AMNESTY CALLS ON THE STATE DEPARTMENT TO DEFEND CIVIL SOCIETY IN HUNGARY
The Government of Hungary must drop its legislative effort to extinguish civil society organizations, including Amnesty International Hungary, and end the campaign of intimidation aimed at nongovernmental organizations. The State Department must clearly communicate to Hungarian officials that it strongly objects to any legislative attempts to muzzle civil society.
On May 25, Amnesty International sent a letter to A. Wess Mitchell, Assistant Secretary of State for European and Eurasian Affairs, concerning Secretary of State Mike Pompeo’s upcoming meeting with Hungarian Foreign Minister Péter Szijjártó on May 30.
In recent months, the Hungarian Parliament has moved to consider a group of laws, collectively known as “Stop Soros,” which would effectively extinguish numerous prominent Hungarian civil society organizations. Specifically, the proposed law would require organizations that “support migration” to obtain national security clearance and a government permit to perform basic functions. Additionally, the legislation would require organizations to pay a tax of 25 percent of any foreign funding aimed at “supporting migration.” Organizations found to be in breach of the proposed legislation would be subject to exorbitant funds, forced bankruptcy and potential closure.
Hungarian Foreign Minister Szijjártó has personally championed the proposed legislation and condemned its critics using inflammatory language. Secretary Pompeo and Assistant Secretary A. Wes Mitchell should clearly communicate to him that this assault on civil society cannot be allowed to continue.
A copy of the letter is reproduced below.
May 25, 2018
A. Wess Mitchell
Assistant Secretary of State for European and Eurasian Affairs
U.S. Department of State
2201 C Street, N.W.
Washington, D.C. 20520
Re: The Government of Hungary’s Attempts to Strangle Civil Society
Dear Assistant Secretary Mitchell:
We am writing on behalf of Amnesty International USA (“AIUSA”), and our two million members and activists in all 50 states, regarding Secretary Pompeo’s May 30 meeting with Péter Szijjártó, Foreign Minister of Hungary. We urge you and the Secretary to use this meeting to raise objections to Hungary’s crackdown on civil society, which includes threats against Amnesty International staff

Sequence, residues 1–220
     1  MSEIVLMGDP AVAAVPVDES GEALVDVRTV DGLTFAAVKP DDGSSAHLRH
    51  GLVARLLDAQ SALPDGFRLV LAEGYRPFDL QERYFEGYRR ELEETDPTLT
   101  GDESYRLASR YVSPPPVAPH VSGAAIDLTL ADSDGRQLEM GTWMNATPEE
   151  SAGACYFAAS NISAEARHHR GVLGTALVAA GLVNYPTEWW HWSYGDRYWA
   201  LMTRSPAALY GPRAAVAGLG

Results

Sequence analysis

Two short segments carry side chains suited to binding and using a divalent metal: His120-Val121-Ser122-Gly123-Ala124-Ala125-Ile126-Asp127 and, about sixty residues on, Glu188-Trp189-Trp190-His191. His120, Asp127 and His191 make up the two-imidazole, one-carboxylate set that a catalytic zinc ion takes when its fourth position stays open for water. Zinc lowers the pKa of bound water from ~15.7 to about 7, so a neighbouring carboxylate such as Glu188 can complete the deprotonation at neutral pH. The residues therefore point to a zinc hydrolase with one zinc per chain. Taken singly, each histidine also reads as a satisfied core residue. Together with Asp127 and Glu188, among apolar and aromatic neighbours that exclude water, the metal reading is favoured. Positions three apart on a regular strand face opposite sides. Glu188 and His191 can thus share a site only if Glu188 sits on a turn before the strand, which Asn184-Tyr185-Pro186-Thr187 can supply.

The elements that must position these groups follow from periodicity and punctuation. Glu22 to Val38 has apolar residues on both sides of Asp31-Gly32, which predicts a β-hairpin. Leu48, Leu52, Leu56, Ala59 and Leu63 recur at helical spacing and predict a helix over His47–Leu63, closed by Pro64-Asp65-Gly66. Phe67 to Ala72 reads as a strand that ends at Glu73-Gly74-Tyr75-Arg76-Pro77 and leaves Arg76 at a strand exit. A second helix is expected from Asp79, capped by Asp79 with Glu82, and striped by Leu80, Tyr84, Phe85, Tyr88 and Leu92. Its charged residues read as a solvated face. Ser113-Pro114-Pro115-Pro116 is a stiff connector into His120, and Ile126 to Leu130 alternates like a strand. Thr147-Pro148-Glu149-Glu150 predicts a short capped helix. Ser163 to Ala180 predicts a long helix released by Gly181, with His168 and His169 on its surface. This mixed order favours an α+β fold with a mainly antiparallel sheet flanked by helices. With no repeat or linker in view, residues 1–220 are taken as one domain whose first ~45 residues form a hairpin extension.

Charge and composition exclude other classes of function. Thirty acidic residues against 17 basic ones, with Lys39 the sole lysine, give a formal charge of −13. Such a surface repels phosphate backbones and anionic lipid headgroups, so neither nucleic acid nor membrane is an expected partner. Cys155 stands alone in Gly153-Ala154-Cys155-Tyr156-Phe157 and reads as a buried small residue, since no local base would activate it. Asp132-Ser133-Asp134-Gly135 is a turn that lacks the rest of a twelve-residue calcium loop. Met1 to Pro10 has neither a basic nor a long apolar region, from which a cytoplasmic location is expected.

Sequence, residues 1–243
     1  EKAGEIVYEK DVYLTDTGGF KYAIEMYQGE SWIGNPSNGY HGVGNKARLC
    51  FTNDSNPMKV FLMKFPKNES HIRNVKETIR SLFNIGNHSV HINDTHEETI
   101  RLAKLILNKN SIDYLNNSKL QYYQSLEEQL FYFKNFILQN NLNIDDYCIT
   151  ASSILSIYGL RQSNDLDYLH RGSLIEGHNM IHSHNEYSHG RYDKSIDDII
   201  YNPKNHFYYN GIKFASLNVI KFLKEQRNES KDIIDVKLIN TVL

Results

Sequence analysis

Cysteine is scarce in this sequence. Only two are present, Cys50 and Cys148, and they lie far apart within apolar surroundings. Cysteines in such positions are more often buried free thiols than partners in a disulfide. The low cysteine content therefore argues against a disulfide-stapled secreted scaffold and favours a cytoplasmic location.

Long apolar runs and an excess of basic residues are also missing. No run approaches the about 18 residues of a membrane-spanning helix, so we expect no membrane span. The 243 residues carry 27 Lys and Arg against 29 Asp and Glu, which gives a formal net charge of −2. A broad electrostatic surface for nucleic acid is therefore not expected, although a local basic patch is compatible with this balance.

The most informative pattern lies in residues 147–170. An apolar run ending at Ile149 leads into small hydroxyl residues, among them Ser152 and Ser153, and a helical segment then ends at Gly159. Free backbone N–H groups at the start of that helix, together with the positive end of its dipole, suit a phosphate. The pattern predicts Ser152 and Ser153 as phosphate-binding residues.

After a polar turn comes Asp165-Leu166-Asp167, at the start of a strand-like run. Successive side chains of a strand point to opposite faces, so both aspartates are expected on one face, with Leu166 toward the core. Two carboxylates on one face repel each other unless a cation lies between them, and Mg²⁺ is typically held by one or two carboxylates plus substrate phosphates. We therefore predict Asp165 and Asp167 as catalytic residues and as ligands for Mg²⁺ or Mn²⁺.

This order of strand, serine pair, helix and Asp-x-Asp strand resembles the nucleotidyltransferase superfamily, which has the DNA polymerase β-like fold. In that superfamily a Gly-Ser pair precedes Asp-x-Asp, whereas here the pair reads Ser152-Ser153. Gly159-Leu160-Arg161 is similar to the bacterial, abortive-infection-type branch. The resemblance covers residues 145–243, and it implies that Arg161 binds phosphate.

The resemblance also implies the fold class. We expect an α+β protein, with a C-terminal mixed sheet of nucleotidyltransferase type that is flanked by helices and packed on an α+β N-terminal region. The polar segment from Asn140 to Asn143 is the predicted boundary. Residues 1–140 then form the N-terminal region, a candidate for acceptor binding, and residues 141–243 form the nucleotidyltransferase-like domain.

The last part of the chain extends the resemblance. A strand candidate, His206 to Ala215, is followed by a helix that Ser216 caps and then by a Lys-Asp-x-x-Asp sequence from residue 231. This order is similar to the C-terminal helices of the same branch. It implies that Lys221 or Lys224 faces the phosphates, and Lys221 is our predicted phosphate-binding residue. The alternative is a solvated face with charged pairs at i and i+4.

On 13 February 2018, the Hungarian government tabled to Parliament a proposed legislative pack of three laws, commonly referred to as “Stop Soros.” The laws contain draconian restrictions on civil society organizations operating in Hungary, potentially leading to their permanent closure.
Specifically, the proposed law would require organizations that “support migration” to obtain national security clearance and a government permit to perform basic functions. Additionally, the legislation would require organizations to pay a tax of 25 percent of any foreign funding aimed at “supporting migration.” Organizations found to be in breach of the proposed legislation would be subject to exorbitant funds, forced bankruptcy and potential closure.
Through a series of inflammatory statements, Foreign Minister Szijjártó has emerged as one of the government’s most vocal advocates for the proposed legislation. Mr. Szijjártó labeled the foreign minister of Luxembourg an “idiot” who “clearly hates Hungary” after he expressed concerns over the proposed laws
Against this legal background, the government of Hungary and its allies have engaged in a concerted campaign of harassment against civil society. On Thursday, April 12, A Hungarian magazine with close ties to the government of Prime Minister Viktor Orbán published a list of individuals it described as “mercenaries” paid to overthrow the government. The list included staff of Amnesty International, the Hungarian Helsinki Commission, Transparency International, as well as journalists, and faculty from the Central European University. Amnesty International’s Hungary staff have received online threats and abuse for their activism.
Now is a critical time for action. Immediately following the Fidesz Party’s win in the April 2018 elections, Prime Minister Orban said he would push through the proposed legislation at the earliest opportunity. Hungary’s legislature may put the proposed bills to a vote as early as late May. The impact of these laws would be unprecedented: for the first time, a member of the European Union and NATO would effectively extinguish local presence of multiple international NGOs.
We urge you and Secretary Pompeo to clearly communicate to Foreign Minister Szijjártó that the U.S. considers civil society as a valuable partner and strongly objects to any attempts – legislative or otherwise – to impede its operations. We also urge you to press Hungary to halt all threats, intimidation, and other acts designed to shut down civil society.
Amnesty International works in more than 70 countries around the world. Our staff undertake personal risk to interview refugees, defend civil society, and investigate mass atrocities in dangerous places. However, the threats to our colleagues in Hungary are frightening, If allowed to continue, they and the legal environment that enables them, will imperil our ability to continue doing critical human rights work in a country that is cracking down on dissent.
If you have any questions, please don’t hesitate to contact Daniel Balson, Amnesty International Eurasia advocacy director, at [email protected] or (202) 509-8132.
Joanne Lin Daniel Balson
National Director Advocacy Director
Advocacy and Government Affairs Europe and Central Asia